Exclusive: Clegg ‘hasn’t seen’ snooping bill


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3:41 pm - May 20th 2012

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contribution by Tom Newham

Theresa May might be at pains to persuade us a draft of the Communications Bill isn’t the sort of ‘snoopers charter’ the last government proposed, but she hasn’t yet extended the courtesy of explaining what it might entail to the Deputy Prime Minister yet.

That’s according to the influential anti-snooping Lib Dem backbencher Julian Huppert, who slammed the shadowy approach of the Home Office in an address to a group of Liberal Democrat students at the University of Warwick on Thursday.

Quite who has access to the plans is not known, but it’s clear the DPM hasn’t been enlightened, despite having assured voters he won’t stand for an assault on civil liberties.

A frustrated Huppert let slip that “they haven’t even shown Nick” details of the bill (a draft of which hasn’t been published yet), before criticising the Home Secretary for refusing to provide any substantive details in her appearance before the Home Affairs Select Committee last month.

Critics will now be inclined to ask on what grounds exactly the Deputy Prime Minister saw fit to play down the extent of the surveillance proposals, beyond the scraps of information he is allowed by May.

Huppert was keen, however, to re-iterate party chairman Tim Farron’s threat to terminate the bill if it proves to be too authoritarian. “There is no way we will allow something to happen that will make civil liberties worse”, he reassured the students, adding that killing the bill was something “we may still have to do”.

The ‘black boxes’ designed to intercept communications “themselves are a risk”, he explained, in that they provide a clear target for hackers.

One wonders how the Libdem leader will be able to stand up for liberal values in the coming debate on web snooping if, like the rest of us, he doesn’t know with any great certainty what the measures in question are.


Tom Newham is studying History and Politics at Warwick University and writes for The Student Journals

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Reader comments


1. Franklin Percival

If Blair was Bush’s poodle, Clegg must rate as Cameron’s hamster.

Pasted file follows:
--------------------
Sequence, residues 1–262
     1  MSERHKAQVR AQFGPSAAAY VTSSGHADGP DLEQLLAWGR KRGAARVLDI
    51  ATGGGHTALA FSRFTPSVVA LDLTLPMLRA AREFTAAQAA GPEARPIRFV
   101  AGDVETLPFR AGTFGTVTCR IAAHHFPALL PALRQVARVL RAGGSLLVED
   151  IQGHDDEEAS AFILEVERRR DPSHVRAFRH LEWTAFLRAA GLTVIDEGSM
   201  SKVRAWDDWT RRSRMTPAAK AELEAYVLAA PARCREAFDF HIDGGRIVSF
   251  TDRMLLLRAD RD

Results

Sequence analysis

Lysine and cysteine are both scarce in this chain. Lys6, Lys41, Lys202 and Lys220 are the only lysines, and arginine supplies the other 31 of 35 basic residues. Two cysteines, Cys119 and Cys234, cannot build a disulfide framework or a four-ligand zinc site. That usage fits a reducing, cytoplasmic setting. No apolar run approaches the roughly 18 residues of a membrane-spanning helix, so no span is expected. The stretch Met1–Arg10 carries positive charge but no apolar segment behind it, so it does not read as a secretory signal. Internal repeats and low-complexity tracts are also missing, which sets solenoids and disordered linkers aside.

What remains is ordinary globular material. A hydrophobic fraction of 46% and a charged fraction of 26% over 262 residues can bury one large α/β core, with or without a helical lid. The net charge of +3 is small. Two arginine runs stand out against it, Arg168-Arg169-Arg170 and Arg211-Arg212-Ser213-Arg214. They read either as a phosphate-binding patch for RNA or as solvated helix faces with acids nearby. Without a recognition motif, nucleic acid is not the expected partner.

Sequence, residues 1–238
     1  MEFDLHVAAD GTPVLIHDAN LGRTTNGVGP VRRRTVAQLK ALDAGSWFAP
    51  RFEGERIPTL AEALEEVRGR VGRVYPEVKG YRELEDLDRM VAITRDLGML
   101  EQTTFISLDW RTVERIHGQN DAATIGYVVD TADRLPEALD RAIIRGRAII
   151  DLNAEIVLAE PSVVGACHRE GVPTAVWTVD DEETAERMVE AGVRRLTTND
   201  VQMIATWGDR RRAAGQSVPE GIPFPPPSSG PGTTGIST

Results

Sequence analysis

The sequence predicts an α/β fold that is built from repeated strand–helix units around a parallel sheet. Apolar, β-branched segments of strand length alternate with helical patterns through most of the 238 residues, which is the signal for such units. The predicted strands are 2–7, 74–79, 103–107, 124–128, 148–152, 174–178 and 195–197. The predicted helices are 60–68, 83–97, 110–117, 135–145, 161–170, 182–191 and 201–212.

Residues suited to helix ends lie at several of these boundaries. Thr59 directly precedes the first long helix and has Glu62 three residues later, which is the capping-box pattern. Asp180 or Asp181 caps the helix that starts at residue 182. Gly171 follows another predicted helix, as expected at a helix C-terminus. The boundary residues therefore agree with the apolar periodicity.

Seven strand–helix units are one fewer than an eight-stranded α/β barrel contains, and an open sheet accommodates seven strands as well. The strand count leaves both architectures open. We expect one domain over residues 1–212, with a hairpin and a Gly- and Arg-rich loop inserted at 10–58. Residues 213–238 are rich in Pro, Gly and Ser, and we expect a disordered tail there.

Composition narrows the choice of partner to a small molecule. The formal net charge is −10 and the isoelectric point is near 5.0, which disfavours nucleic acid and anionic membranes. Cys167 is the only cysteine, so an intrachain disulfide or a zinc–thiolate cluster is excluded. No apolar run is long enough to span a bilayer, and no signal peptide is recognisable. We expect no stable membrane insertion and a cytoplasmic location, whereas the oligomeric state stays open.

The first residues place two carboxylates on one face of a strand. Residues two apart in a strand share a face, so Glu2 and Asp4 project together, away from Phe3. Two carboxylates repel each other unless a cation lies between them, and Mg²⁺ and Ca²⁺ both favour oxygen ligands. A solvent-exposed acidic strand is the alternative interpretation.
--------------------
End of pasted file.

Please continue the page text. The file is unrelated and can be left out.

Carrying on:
she hasn’t yet extended the courtesy of explaining what it might entail to the Deputy Prime Minister yet

Which suggests tio me that it amy contain some pretty nasty stuff.

If it does, and the Lib Dems back an internet snooping bill, then many will be wondering what is the point of them? After all, civil liberties are supposedly a Lib Dem core issue — their core of policies isn’t very big and if they lose that one, is there really any point in their existance?

Lib Dems worried by this may want to consider jumping ship and joining the Pirate Party.Civil liberties on the internet is one issue we will never, ever, compromise on.

It can only be a matter of time before Clegg breaks down in public.

@2 “Civil liberties on the internet is one issue we will never, ever, compromise on.”
Except for the rights of content creators in the wider world, of course.

@3: It can only be a matter of time before Clegg breaks down in public.

lol

Except for the rights of content creators in the wider world, of course.

Content creators will do fine in the new society that Pirates will build, although they will probably use different business models. So musical works and TV programmes might be funded through Kickstarter instead of copyright-based business models. Take for example the TV series Game Of Thrones: that costs 10 episodes at $5 million each, which is $50 million, and I bet you could find 10 million people prepared to crowdfund it at $5 each.

So creators will still get paid. The parasitic copyright industry (RIAA and MPAA) won’t. That’s no loss: the future doesn’t want them, doesn’t need them and doesn’t in fact have a use for them. The only thing they contribute is making society worse. They should crawl into a corner and die like the obsolete dinosaurs they are.

5. Chaise Guevara

@ 3 Cherub

“Except for the rights of content creators in the wider world, of course.”

While I’m not backing the pirate party’s position on this, I wouldn’t call this “civil liberties” exactly. Copyright is more of a liberties vs property rights thang.

@3. Cherub

If Clegg does break down, I hope he doesn’t do it in front of Duncan Smith. He’ll be ‘fit for work’ by tea time and stacking shelves in PoundLand b.

Perhaps the best we can hope for is an breakdown incident like Senator Agsby’s ‘Prestagidswick’s Conjenum’ in Brass Eye.

Phil Hunt/4: I bet you could find 10 million people prepared to crowdfund it at $5 each.

These and other optimistic business models… crowdfunding so far seems to have about 1% of the potential audience willing to put money towards it. Maybe slightly more for people with a popular product and a strong track record. So that would imply a total audience in the region of 0.5-1 billion people. It’s popular, but not that popular!

Looking at Kickstarter, all 6 of the projects over $1 million (i.e 2% of the cost of a GoT series) have basically got there by saying “fund this project to produce Xs, and you’ll get an X, possibly at a discounted rate”: three of them have been selling physical objects for which the cost includes a very obvious materials cost; the others have been selling software. It’s not clear to me what “obtain X” reward you’d give to fund a TV show – it can’t be the show itself, because that’s currently given away “free” on broadcast. Those Kickstarters which have gone for a “fund this so we can produce great thing X, for a token reward” have tended to be less highly funded.